Thursday, March 29, 2012

David Cameron and the price of pasties

I have to confess that I find the row over the imposition of pasties funny. And if you don't want to pay extra for a Cornish delicacy, why not enjoy a Leicestershire one instead? Let's hear it for the Melton Mowbray pork pie.

But I begin to wonder if something I posted four years ago may not turn out to be prophetic:
David Cameron's ... problem is that he is, er, David Cameron. The only time he threatened to engage public interest today was when he talked of the price of bread, milk and eggs. Yet if ever someone gave the impression of not knowing how much bread, milk and eggs cost, that person is David Cameron. 
I always wondered, in a society where being "posh" is just about the worst sin out, if David Cameron's background - and even more the fact that he looks like a public school boy - would count against him. This is one issue where it will. 
If you want to run this sort of prices campaign, you need someone who looks as they go shopping regularly to do it for you. Shirley Williams used to do it very effectively, complete with shopping basket, in her Labour days. You do not choose a shiny-cheeked Old Etonian.
My younger readers won't recall this, but in the 1970s "prices" were one of the great political issues.

The economic downturn may mean we are about to explore a political landscape where the price of pasties really matters to voters.


Tristan said...

I prefer a good pork pie anyway.

I confess I am rather mystified over the level of outrage, perhaps the weather has convinced people its already silly season?

John said...

I find the reaction to the whole thing utterly hilerious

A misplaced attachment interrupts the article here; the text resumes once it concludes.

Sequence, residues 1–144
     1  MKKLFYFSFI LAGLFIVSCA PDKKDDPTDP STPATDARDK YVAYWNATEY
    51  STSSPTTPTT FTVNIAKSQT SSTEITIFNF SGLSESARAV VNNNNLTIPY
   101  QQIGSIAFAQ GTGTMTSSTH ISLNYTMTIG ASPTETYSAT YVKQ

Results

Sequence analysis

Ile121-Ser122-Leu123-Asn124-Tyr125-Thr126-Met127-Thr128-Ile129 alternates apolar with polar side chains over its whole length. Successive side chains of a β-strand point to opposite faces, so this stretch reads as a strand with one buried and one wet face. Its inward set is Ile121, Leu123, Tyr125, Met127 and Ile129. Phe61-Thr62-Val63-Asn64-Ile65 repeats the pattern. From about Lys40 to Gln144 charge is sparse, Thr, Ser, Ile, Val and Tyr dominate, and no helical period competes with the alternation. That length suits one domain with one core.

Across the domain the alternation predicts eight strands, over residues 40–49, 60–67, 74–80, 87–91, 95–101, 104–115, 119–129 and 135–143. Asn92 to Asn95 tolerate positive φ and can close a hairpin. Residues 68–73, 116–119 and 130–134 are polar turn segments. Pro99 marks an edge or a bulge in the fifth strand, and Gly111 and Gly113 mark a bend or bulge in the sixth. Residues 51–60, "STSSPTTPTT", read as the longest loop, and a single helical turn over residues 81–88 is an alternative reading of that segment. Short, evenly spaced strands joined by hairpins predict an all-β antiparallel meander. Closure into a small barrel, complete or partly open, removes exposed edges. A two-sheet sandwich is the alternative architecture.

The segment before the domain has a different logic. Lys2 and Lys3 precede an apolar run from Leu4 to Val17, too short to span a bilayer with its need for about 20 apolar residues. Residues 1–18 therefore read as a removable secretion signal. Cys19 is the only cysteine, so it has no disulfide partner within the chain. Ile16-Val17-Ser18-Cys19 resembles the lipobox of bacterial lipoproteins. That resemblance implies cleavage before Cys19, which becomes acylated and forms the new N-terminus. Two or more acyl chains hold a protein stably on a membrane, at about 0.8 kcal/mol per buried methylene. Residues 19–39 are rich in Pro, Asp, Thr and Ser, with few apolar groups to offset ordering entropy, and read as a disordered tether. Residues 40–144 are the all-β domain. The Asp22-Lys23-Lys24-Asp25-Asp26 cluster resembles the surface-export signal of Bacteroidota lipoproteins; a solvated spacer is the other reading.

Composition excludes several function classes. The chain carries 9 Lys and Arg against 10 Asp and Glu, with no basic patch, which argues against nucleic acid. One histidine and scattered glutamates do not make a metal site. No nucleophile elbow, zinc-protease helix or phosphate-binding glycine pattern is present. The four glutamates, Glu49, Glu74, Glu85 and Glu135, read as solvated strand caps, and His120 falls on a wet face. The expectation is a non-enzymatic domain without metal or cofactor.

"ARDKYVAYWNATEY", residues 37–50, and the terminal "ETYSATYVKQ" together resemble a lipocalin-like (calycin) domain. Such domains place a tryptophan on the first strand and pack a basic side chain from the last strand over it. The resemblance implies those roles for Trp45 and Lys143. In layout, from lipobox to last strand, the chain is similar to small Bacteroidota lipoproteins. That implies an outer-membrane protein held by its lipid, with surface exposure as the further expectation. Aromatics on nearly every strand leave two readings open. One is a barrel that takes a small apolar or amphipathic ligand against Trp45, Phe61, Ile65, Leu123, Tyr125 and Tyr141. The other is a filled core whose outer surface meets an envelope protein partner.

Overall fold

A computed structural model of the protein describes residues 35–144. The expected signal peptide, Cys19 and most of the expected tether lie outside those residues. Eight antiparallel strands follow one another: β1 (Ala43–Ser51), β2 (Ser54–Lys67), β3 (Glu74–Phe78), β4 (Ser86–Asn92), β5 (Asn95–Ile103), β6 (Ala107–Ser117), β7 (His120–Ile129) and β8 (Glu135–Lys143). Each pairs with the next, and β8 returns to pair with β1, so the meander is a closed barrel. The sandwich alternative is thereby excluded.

Charlieman said...

And now George Osborne is under attack for saying that he can't remember when he last shopped at Greggs. He deserves to be attacked for opening his mouth in the first place (don't feed the idiots), but his words were innocuous.

For the record, I am not a millionaire and have never knowingly shopped at Greggs. Greggs is not the only place to buy a pasty.

Mark said...

Cameron is incredibly lucky.

He became Tory leader when Tony Blair had been tarnished by the Iraq War and was effectively on the way out.

Blair was then replaced by some totally unsuited to be Prime Minister.

Then Cameron was lucky enough to be opposition leader during the greatest economic crash in history, and was faced with a Government that had run out of steam and that was almost looking forward to a period in opposition.

In spite of all that, and the fact that the Labour Party was effectively broke (and the Tory campaign was led by supposed political 'mastermind' George Osborne), he still failed to win a majority in 2010.

Since then the run of luck has continued with Ed Miliband becoming Labour leader.

Now the luck has run out, and we'll start to see just what an lightweight nonentity he really is.